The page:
Your diet affects more than your weight or overall health. What you eat also affects the health of your mouth. Your mouth is constantly coated by a thin biofilm of bacteria and plaque. When certain ingredients in food and beverages come into contact with this biofilm, they secrete harmful acids that attack tooth enamel. Your Corona dentist gives advice on maintaining a diet that will benefit your dental health.
Refined Sugar and Your Teeth
Refined sugars and other fermentable carbohydrates cause a reaction in plaque when they meet. The byproduct of plaque absorbing and processing these substances is lactic acid, which saps minerals from your teeth in a process called demineralization. Because your enamel is made of mineral crystals (i.e., calcium and phosphate), after acid drains the tooth’s minerals, the enamel cannot remineralize and is vulnerable to attack. As summer dawns upon us, lemonade and iced tea become the popular thirst-quenchers of the season. Aside from their sugar content, lemonade and other fruit juices also contain harmful acids. If you consume a sugary beverage, try to do so quickly in one setting, as opposed to prolonged sipping over time. Also, rinse your mouth with water after finishing your drink to flush away any food debris, bacteria, and lingering plaque.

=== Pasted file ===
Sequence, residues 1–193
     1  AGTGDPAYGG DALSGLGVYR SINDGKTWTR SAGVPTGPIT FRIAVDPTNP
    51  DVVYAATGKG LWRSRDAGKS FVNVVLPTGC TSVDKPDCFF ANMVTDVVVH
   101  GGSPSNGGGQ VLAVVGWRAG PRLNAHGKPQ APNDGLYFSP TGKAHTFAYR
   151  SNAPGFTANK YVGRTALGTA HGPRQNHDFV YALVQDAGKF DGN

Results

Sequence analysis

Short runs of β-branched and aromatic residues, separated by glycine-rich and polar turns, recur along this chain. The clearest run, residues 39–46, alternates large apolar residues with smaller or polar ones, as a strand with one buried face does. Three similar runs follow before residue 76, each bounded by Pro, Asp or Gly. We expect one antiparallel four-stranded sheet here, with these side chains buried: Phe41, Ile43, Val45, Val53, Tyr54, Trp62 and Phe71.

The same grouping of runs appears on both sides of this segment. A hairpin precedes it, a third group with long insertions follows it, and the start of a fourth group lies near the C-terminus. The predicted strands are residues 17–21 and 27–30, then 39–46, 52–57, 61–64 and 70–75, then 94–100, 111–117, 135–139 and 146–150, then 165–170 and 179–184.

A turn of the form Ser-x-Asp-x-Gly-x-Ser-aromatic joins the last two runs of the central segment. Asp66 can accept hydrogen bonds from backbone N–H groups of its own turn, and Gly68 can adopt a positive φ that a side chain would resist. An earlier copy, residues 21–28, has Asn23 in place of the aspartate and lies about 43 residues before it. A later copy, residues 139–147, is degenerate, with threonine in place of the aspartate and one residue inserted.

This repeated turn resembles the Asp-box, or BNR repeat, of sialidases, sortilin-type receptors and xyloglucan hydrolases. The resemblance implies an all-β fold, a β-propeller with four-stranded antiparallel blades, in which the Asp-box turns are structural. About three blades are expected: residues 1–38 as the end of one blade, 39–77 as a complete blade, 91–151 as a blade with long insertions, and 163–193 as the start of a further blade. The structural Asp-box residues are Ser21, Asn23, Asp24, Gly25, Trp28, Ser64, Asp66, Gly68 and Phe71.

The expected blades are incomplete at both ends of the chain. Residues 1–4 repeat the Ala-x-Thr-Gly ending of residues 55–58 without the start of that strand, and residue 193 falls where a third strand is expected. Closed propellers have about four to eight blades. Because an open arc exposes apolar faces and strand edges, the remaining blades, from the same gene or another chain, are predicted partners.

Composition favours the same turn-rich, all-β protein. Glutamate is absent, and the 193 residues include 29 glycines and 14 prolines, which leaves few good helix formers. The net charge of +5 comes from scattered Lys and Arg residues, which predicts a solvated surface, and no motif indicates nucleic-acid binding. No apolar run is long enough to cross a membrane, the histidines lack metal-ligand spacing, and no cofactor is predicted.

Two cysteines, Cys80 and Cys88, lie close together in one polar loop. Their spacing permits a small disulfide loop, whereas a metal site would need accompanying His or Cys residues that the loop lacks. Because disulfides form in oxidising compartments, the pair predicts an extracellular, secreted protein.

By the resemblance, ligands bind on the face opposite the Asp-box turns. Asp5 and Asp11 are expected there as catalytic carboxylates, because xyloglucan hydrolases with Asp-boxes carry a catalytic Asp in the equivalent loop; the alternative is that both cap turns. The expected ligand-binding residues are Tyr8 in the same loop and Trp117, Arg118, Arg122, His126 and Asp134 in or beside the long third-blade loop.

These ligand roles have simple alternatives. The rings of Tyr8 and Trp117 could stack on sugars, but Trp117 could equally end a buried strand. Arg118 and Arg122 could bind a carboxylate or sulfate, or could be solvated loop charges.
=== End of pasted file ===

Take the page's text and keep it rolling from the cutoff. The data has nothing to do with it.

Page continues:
Since acids make your enamel weak by extracting essential minerals, you can strengthen your enamel by adding those minerals. Milk facilitates enamel remineralization because of its high content of calcium and phosphate (the same minerals that constitute your enamel). Foods such as cheeses, chicken, meats, and nuts are believed to aid in remineralization as well. We recommend chewing sugarless gum to stimulate saliva, which is your body’s natural tooth aid and also contains calcium and phosphate.
Regardless of what you eat, or don’t eat, maintaining a healthy mouth requires a disciplined daily hygiene routine that includes brushing your teeth at least twice a day and flossing at least once. You should also attend a dental checkup at least once every six months to spot signs of decay or weak teeth early.